Beginning today and for a month of Sundays I will preach a series of sermons which I am calling “Lessons from the Sinai for a Church in Transition.”
You as a church are in transition between installed pastors. David Bailey, your pastor of twenty-three years has retired, and it is not yet clear who your next pastor will be. For lack of any name at all, let’s just call that future pastor “Not David Bailey.” There is only one David Bailey in the world, and so I am confident in saying that whoever your Pastor Nominating Committee calls is going to be someone other than David Bailey.
Sometimes a search committee will ask me to explain what an interim pastor does, and I often explain one aspect of being an interim pastor by using the analogy of a winetasting. When you go to a winetasting, you sample a number of wines from different bottle lined up on the bar, and the winery gives you something to eat in between each wine, bread, cheese or a cracker. The idea is that you need to cleanse the palette from the last wine in order to properly appreciate the next wine, which is very different from the one you just had.
In David Bailey you enjoyed a fine wine of a pastor. My sense is that your next pastor is going to be another fine wine, but a very different sort of fine wine from David. Some of my work among you as an interim pastor is not to erase your pleasant memories of David, which I hope will stay with you to the end of your life, but to work on your tastebuds, cleansing your palette, and get your tastebuds ready to receive and taste that new pastor, who will be a new but very different fine wine from David Bailey.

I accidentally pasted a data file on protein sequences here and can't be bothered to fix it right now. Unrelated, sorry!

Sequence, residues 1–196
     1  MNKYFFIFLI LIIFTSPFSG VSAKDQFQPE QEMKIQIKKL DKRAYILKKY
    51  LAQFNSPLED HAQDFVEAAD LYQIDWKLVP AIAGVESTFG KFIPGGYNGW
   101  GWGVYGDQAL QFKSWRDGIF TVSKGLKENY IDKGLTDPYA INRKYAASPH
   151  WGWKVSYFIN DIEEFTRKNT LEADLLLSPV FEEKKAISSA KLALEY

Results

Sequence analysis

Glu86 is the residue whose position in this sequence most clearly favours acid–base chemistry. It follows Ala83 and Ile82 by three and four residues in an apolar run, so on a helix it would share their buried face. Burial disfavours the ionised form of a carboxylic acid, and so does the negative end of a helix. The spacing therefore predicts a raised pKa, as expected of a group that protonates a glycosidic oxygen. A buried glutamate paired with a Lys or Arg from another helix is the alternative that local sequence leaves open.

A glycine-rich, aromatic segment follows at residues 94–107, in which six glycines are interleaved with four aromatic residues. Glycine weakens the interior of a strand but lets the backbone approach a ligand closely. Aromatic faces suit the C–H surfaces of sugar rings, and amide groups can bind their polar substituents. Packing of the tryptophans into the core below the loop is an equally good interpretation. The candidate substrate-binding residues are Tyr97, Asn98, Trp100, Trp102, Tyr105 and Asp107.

As an interim pastor I find that churches in transition are reassured to find out that they are by no means alone in going through transition. Every church goes through transition sooner or later.
The exciting thing to me is that when you read the Bible you find all kinds of individuals and groups who have gone through transitions ahead of us and they have left behind Bible stories about their transitions that help us navigate our own.
My favorite transition stories are from the nation of Israel when they went through their own transition in the Sinai wilderness. Their time in the Sinai was really their in-between time between their old slave life in Egypt, which they had left behind, and their future life of abundance in the Promised Land, which had not quite come into view. You find in these stories a rich treasure trove of wisdom for the transition time, both for individuals in transition and churches in transition, and I want to share with you what I regard as some of the more important ones.
Today’s lesson from the Sinai for a church in transition has to do with the unexpected way that God led the Israelites during their transition.
Bible scholars tell us that it would have been possible for Moses to lead 600,000 Israelites from Egypt into the Promised Land in two weeks flat. Our story this morning tells us that God chose instead to take the people to the Promised Land in the longest way possible. When they leave Egypt and cross the Red Sea and go into the Sinai Peninsula instead of going East straight into the Promised Land, they take a hard right south toward Mt. Sinai in the southern peninsula and eventually go northeast from there to the Jordan River, the door into the Promised Land. Shockingly, it is a route that will take them two years to get to the Promised Land instead of two weeks. It’s a route the story describes as “the roundabout way.”